Business Administration - Finance
Graduation Year: 2011
Ian Nuamah is a Credit Specialist at RBC Royal Bank of Canada in Mississauga Meadowvale HQ.
What led you to Sheridan College?
I chose Sheridan because I wanted to stand out. I wanted establish my own path and begin the first chapter of my unique journey. I also knew that the knowledge and skills I would attain at Sheridan would be transferable in the real world.
What is your most memorable Sheridan experience?
Working with the STARs (Sheridan Student Admissions Representative) program. I truly enjoyed connecting with new people and assisting with the transition and introduction of new students to Sheridan which occupies a special place in my heart. The people at Sheridan - students, professors, support staff, visitors - make Sheridan a one-of-a-kind experience.
What is the most important lesson you learned at Sheridan?
Few people can say they have made it on their own! We must always remember that there are others behind the scenes who contributed to that success.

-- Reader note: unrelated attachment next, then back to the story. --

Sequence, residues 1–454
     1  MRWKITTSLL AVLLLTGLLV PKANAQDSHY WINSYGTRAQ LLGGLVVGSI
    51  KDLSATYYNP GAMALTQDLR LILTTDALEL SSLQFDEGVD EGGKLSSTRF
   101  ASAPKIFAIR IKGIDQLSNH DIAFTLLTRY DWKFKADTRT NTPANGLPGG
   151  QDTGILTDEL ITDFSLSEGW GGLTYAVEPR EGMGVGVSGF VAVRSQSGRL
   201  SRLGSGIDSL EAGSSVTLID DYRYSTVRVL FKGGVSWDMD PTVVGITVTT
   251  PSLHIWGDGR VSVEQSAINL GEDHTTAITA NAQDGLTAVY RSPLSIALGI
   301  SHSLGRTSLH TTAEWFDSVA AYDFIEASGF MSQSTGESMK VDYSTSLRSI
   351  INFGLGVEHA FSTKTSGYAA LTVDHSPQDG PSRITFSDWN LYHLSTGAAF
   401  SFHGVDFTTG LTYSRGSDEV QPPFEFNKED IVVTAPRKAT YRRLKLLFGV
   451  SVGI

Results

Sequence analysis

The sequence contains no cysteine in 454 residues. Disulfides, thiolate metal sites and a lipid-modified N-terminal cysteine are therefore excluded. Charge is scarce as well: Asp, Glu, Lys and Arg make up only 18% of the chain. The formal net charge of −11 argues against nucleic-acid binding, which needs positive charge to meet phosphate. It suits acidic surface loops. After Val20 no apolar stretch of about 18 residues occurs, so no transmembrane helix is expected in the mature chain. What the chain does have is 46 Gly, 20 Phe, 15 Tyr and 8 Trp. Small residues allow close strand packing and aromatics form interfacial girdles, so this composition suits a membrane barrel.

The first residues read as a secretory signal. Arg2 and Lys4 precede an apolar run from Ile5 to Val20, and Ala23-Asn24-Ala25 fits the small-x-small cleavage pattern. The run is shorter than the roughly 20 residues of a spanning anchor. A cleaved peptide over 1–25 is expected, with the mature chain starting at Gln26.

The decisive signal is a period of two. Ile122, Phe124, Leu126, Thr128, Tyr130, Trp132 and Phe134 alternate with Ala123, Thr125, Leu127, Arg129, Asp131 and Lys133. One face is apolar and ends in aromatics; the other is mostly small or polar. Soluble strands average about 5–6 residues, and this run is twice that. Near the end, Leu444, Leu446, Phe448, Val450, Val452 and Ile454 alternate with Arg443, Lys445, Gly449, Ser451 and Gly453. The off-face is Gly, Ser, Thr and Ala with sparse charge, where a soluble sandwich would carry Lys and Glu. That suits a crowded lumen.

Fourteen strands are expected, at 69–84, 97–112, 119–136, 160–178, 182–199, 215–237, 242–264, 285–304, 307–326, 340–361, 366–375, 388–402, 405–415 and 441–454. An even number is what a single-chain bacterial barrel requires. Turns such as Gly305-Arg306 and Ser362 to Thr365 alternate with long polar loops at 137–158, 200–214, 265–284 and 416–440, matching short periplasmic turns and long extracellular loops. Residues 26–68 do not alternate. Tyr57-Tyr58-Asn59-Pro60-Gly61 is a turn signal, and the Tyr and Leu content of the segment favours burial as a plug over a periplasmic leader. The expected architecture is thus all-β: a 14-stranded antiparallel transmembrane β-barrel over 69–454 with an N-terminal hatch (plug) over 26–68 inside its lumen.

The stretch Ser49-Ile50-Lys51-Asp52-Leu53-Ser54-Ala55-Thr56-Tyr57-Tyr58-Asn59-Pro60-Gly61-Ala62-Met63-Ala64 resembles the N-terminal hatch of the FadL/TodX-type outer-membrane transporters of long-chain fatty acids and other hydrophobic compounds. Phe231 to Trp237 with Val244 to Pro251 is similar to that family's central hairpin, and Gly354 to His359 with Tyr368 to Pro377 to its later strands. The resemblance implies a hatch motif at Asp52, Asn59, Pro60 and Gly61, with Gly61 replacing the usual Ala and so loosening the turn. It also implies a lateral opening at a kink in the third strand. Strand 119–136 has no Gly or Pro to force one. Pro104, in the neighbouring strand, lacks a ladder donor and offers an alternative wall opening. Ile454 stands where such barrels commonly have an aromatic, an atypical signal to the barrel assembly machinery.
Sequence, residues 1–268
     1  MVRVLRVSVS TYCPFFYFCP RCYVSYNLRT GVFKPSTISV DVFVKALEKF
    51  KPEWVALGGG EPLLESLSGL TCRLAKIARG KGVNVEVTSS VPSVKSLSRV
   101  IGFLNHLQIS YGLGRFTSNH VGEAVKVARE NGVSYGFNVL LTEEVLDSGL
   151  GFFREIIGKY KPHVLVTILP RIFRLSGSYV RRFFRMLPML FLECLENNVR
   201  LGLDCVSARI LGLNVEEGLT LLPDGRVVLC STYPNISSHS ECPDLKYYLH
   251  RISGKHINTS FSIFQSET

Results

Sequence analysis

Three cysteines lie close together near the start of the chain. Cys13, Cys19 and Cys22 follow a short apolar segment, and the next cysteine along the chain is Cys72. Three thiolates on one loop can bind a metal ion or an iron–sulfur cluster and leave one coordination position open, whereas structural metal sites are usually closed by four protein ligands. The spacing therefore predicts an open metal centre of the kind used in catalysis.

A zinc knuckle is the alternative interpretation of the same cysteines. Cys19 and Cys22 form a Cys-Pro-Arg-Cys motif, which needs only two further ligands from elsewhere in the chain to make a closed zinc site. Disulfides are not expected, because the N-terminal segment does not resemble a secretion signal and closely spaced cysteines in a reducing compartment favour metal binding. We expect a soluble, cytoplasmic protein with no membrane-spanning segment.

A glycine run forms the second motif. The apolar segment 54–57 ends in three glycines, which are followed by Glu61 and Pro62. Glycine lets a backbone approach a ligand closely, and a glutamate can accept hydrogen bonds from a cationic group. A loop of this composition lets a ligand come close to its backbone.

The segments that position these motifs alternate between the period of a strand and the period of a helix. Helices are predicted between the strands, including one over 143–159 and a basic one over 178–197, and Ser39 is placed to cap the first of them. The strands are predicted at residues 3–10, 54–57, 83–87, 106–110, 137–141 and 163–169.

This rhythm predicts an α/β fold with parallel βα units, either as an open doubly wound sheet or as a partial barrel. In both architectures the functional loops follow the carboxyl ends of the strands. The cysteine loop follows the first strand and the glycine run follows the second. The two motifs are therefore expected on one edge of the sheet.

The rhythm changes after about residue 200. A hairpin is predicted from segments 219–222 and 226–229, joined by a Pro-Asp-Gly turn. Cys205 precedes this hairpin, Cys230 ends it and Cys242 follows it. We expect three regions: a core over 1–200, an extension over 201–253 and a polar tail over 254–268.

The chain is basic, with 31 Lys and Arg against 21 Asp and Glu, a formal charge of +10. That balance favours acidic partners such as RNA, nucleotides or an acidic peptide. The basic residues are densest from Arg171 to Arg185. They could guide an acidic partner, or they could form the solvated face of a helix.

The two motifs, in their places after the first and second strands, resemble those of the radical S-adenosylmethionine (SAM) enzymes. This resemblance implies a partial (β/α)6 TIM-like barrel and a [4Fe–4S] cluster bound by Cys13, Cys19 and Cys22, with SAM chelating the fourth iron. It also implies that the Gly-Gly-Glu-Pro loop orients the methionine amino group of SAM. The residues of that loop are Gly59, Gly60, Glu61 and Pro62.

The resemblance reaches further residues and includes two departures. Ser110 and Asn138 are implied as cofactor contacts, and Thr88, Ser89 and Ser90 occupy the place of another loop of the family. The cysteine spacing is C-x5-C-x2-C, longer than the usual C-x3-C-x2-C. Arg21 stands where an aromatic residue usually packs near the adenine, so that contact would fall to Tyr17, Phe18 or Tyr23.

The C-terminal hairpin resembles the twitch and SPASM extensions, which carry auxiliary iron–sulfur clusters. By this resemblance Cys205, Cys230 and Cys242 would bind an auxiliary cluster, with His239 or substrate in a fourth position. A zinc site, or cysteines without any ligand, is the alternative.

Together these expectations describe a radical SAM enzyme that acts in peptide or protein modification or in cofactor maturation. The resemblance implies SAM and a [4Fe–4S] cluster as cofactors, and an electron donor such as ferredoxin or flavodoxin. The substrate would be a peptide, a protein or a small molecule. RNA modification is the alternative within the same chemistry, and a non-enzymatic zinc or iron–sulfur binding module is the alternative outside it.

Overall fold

What is the biggest challenge you face working in the credit department of a large bank?
The most challenging and yet rewarding aspect of my work is turning an irate client into a grateful one. It takes a lot of patience and understanding from both parties. My main objective is to see the problem through the client’s perspective and deal with their concern in an empathetic and timely manner.
So there’s still room for the personal touch as we shift further towards an online banking environment?
There is no doubt in my mind that there will always be a role for personal connection in the financial field. If anything, we should look at the online banking environment as just another choice for consumers.
What advice would you give to a new graduate?
I was told once, “If your fear is greater than your ambition, you will never acquire what you desire. Fear doesn’t really exist, it’s an illusion created to keep you from reaching your true potential.” So never relent, never give up, and work through your fears.